Alibaba Group Holding Ltd. (BABA) and Amazon.com Inc. (AMZN) may be the world’s most dominant e-commerce players, but they are both making moves into the brick-and-mortar space because their access to large troves of data and their fulfillment abilities allow them to provide for a better customer experience in physical stores.
Amazon announced on Friday that it was buying Whole Foods Markets Inc. (WFM) for $13.7 billion, further solidifying this play, while Alibaba has been working on its “new retail,” strategy for some time now.
“This deal is a total validation of our strategy,” Alibaba Head of External Affairs Brion Tingler told TheStreet. Both players are learning that when you hit a certain level of success in online sales, the next step is to help offline players better utilize their strengths.
While Alibaba and Amazon are both combining the best of offline and online shopping, Alibaba has coined a specific term for it: New Retail. This strategy combines the best of offline and online shopping by allowing customers to touch and test products inside physical stores, but also giving them the option to order any item they see to their doorstep while still at the store.
You can buy lunch at noon at a store, while also ordering seafood to arrive at your house at 6 p.m.
In addition, New Retail stores use data to determine what products customers are most likely to buy at store locations so it can stock them accordingly. Ma thinks this data-driven “New Retail” strategy is essential for Alibaba because he’s thinking ahead and while the e-commerce sector may be growing rapidly now, it will soon face challenges. “This is why we are adapting and it’s why we strive to play a major role in the advancement of this new economic environment,” he wrote in a letter to shareholders in October.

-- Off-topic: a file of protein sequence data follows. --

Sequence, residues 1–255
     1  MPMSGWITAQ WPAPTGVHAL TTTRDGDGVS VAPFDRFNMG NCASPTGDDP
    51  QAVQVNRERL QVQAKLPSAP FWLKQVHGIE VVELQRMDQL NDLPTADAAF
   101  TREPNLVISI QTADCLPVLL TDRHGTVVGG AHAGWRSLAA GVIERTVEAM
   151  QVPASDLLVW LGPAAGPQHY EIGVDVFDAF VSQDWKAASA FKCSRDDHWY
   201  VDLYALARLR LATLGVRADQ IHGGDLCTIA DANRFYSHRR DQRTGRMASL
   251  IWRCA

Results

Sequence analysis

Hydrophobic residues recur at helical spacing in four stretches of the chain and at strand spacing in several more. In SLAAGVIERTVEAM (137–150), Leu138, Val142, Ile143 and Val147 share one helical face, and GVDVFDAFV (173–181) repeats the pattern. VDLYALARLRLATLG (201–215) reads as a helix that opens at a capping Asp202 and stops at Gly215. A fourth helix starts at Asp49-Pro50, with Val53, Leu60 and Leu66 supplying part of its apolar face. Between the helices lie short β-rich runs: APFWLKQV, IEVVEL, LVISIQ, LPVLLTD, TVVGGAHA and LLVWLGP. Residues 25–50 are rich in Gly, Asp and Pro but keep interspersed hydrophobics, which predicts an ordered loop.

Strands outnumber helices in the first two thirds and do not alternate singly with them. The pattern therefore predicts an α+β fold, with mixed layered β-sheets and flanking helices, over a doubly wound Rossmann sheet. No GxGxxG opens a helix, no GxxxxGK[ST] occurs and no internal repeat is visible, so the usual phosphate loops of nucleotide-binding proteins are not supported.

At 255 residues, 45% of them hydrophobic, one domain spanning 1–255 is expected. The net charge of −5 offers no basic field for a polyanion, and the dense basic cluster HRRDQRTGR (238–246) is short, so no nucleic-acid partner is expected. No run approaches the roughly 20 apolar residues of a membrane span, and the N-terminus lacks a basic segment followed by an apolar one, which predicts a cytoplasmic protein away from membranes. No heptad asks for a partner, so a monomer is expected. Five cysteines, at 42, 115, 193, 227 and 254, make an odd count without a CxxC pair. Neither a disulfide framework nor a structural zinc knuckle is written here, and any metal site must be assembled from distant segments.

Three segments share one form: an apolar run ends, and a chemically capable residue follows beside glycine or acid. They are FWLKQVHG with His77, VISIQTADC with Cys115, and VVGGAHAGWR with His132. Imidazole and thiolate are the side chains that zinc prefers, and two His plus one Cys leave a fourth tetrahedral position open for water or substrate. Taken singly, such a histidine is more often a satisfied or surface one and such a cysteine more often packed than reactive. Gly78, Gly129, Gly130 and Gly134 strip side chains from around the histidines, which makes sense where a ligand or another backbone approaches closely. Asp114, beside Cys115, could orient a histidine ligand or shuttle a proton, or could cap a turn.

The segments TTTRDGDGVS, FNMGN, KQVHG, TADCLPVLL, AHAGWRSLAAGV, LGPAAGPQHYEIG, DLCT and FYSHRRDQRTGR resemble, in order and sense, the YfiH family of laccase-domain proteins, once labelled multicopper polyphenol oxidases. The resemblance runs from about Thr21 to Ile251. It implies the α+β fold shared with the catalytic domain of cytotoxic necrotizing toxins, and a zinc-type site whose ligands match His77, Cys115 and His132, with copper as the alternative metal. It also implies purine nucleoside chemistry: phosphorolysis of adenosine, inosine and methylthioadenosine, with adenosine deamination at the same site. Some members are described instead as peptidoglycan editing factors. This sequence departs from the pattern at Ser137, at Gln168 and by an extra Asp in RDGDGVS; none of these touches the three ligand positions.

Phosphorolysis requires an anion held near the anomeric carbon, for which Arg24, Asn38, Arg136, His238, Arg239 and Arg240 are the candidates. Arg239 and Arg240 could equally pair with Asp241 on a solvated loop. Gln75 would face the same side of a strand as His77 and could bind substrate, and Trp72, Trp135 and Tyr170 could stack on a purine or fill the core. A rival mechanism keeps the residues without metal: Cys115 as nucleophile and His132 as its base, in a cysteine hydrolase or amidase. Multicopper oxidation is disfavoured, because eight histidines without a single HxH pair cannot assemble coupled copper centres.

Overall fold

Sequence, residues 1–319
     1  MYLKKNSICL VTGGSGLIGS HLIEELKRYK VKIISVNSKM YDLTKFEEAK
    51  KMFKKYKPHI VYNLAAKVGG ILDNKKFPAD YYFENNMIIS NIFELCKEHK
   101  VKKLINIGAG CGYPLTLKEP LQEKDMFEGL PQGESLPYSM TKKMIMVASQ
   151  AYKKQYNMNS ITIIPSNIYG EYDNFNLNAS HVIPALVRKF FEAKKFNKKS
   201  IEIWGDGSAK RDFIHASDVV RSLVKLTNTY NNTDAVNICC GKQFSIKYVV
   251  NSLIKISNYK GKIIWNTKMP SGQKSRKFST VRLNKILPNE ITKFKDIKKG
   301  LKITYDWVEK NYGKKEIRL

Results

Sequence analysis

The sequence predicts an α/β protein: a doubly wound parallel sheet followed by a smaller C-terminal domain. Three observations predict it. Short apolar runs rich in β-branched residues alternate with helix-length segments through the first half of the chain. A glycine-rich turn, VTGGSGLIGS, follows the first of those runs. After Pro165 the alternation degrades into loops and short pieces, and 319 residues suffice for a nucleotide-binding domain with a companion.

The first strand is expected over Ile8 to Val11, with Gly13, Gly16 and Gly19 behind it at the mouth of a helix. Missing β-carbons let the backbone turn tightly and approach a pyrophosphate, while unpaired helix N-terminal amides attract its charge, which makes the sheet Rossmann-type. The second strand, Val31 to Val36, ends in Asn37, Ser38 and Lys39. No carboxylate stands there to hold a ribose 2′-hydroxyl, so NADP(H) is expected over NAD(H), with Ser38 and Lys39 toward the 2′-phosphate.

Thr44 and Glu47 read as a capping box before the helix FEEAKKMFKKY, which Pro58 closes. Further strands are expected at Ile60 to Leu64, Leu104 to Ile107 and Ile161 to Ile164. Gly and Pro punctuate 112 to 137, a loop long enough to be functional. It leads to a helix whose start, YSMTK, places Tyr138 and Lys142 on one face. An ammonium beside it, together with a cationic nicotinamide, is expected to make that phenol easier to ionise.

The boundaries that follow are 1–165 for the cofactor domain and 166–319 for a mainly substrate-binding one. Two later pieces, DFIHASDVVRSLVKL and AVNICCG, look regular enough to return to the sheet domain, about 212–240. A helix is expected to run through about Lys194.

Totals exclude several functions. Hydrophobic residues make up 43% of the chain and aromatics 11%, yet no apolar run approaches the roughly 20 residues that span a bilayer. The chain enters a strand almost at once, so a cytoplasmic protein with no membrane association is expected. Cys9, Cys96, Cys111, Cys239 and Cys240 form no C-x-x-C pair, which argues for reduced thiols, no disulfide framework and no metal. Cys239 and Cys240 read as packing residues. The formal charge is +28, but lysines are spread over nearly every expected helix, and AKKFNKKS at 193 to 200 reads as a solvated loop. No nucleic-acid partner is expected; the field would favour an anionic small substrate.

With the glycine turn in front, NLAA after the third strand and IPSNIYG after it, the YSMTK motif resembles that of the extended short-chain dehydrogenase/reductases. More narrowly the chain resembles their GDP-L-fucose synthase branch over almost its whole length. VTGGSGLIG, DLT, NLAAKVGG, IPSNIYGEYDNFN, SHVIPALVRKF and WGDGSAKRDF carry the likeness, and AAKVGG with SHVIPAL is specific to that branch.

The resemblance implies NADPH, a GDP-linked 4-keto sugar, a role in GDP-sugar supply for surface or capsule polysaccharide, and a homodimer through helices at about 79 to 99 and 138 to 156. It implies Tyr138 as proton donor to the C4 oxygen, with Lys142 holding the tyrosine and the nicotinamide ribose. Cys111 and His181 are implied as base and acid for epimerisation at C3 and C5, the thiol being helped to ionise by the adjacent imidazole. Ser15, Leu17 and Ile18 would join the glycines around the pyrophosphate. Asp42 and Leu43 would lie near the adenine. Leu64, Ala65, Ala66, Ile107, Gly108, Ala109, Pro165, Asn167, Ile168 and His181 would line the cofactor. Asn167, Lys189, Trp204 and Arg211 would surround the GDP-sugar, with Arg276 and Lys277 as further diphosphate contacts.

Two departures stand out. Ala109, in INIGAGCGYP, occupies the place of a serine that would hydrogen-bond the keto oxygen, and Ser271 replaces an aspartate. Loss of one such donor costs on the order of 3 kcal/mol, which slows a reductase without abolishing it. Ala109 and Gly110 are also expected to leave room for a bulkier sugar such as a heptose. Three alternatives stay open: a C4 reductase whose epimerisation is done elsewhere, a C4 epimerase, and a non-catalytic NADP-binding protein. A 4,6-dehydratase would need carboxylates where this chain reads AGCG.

Revamping brick-and-mortar stores instead of just focusing on e-commerce is important because e-commerce is only about 15% of China’s total $4.8 trillion retail market, Alibaba vice chairman Joe Tsai told TheStreet earlier this week. The other 85% is still brick-and-mortar shopping. “The traditional way of thinking about retail vs. e-commerce is that they work against each other, where e-commerce is cannibalizing retail,” he said. “But it doesn’t have to be that way.”
Alibaba is already quietly putting this New Retail strategy to the test in both supermarket settings and a department store.
Alibaba has a solid presence in the China supermarket scene, with a 32% stake in Sanjang Shopping Club Ltd. and an 18% stake in the Lianhua Supermarket chain held by Shanghai-based Bailian Group, which Alibaba formed a strategic partnership with in February to help the retailer increase sales with the use of big data. Alibaba is now running multiple brick-and-mortar China-based supermarkets that utilize two-thirds of their space for traditional retail needs and one-third of their space as an omnichannel fulfillment operation, Tsai said.
The stores are doing 15,000 orders online per day. “That’s really made the retail space more efficient, or increasing the sales-per-square-food of this retail space,” Tsai claimed.
Following closely behind, Amazon’s deal for…